Policy-based loans or PBLs provide the Bank’s borrowing member countries with flexible, liquid (fungible) funding to support policy reforms and/or institutional changes in a particular sector or subsector. Policy-based lending is limited to 30 percent of all Bank lending.
Eligibility: To be eligible for a policy-based loan or PBL, the borrowing country needs to have a sound macroeconomic policy framework, as determined by an independent assessment of macroeconomic conditions elaborated by the IDB.
Size of the loan: The size of a PBL depends on the country’s financing needs. It is not necessarily related to the cost of implementing the reforms supported by the program. PBLs provide general financing to the borrower and disburse upon evidence that the borrower or its agents has complied with the policy conditions.
Examples of eligible activities include programs to modernize the fiscal (tax and spending) apparatus of a country, air transport reform programs, transparency and financial integrity programs, or programs to improve technical vocational education.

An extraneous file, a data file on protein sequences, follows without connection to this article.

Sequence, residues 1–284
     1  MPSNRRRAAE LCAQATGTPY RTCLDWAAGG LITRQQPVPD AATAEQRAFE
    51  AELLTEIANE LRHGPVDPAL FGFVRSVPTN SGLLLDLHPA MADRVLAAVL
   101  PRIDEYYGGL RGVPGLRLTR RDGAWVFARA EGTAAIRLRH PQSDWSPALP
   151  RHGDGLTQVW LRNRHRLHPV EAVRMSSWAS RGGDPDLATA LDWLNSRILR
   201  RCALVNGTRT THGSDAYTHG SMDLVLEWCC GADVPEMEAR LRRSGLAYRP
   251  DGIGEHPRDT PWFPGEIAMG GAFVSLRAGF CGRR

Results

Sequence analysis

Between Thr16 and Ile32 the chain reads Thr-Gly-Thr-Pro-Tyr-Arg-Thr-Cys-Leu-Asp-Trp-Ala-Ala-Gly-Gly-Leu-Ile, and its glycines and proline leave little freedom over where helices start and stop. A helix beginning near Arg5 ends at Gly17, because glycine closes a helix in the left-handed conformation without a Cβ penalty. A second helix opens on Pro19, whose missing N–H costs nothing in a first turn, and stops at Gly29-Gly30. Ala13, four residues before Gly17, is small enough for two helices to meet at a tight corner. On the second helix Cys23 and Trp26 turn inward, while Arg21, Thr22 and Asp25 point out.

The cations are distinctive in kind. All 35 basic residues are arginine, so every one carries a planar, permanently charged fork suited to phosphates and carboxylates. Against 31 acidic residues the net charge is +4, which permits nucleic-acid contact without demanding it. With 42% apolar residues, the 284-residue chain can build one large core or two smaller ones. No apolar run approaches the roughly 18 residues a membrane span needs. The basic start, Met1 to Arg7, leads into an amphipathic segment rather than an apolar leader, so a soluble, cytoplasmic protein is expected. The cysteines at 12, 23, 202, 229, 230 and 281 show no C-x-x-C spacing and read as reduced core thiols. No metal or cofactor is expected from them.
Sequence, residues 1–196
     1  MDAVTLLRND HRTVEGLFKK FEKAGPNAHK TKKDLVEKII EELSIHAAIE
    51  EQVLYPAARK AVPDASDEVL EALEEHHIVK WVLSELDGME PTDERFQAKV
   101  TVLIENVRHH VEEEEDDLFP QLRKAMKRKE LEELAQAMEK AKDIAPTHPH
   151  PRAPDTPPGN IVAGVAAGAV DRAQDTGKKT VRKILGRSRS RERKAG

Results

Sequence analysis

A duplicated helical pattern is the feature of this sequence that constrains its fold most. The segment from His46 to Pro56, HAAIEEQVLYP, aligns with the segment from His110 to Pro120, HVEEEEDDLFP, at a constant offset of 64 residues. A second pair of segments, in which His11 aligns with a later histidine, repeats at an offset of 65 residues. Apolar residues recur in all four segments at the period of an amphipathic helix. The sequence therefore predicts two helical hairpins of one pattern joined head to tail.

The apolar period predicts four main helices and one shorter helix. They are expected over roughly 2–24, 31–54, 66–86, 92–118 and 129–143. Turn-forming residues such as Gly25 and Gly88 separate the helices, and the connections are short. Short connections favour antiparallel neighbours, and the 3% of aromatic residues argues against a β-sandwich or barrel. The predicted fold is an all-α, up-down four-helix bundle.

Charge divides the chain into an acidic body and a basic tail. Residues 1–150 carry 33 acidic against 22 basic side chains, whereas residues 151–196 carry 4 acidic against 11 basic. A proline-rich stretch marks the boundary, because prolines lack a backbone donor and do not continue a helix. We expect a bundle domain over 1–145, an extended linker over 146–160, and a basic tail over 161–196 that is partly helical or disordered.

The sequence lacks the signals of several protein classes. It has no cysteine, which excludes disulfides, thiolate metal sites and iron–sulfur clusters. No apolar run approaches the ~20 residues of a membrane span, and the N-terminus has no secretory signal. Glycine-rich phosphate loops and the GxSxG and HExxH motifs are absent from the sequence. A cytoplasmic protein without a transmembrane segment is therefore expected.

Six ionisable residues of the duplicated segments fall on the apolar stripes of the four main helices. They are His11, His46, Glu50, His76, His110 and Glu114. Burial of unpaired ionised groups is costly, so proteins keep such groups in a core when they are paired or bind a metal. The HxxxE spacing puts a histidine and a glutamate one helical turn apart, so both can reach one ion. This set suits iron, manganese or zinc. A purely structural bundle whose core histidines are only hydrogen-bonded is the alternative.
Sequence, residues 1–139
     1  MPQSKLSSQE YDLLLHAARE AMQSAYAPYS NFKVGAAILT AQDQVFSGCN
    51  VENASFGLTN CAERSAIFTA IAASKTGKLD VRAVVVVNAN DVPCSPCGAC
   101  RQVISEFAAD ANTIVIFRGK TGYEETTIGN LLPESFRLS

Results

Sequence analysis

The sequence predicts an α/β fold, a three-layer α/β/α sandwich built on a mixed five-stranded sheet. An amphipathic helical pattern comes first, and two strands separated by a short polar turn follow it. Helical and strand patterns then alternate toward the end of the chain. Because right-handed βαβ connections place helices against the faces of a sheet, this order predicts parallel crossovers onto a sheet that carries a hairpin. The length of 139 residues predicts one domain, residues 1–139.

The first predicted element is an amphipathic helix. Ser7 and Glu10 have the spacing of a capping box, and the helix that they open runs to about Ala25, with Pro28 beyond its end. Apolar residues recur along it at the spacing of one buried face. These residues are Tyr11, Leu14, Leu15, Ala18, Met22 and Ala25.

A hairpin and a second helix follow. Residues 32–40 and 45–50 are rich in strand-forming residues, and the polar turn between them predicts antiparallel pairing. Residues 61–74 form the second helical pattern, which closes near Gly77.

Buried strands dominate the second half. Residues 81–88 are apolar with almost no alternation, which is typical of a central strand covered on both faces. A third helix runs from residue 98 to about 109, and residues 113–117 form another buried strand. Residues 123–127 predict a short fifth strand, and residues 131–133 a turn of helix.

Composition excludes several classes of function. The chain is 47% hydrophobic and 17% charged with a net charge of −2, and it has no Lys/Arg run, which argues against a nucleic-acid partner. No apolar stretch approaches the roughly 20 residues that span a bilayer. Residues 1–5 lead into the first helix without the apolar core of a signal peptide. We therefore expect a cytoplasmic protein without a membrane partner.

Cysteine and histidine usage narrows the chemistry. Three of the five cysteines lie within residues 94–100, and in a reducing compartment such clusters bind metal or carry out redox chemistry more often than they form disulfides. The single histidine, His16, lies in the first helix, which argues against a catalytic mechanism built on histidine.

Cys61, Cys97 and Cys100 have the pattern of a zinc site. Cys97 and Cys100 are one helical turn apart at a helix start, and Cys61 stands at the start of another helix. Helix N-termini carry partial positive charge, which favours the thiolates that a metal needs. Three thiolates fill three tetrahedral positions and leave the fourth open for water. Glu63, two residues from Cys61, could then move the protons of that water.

At the request of the borrower, a policy-based loan may include an investment component, in which case it becomes a Hybrid Loan.
There are two types of PBL instruments: Multi-Tranche PBLs and Programmatic PBLs.
These loans are disbursed in several tranches, when the policy conditions linked to each tranche are completed and verified. Multi-tranche PBLs require that all the policy/institutional reforms necessary to achieve a program’s objective be defined before the project is approved. Ideally, there is very little uncertainty regarding the policy/institutional reforms and their sequencing to achieve the programs objectives.
These loans support a framework of reforms/institutional changes to be executed in phases. Funds are disbursed in a series of single tranches over the medium term (three to five years). There are specified triggers for moving from one operation to the next.
The deferred draw-down option can be used with both multi-tranche and programmatic PBLs. It permits PBL resources to be drawn down over a period of three years after the borrower complies with the agreed-upon policy conditions. This gives borrowers flexibility by providing the resources in the amounts, and at the time, that meets their needs most effectively. The draw-down period can be extended for an additional three years. During the draw-down period, the borrower must maintain policy conditions and sustainable macroeconomic policies.
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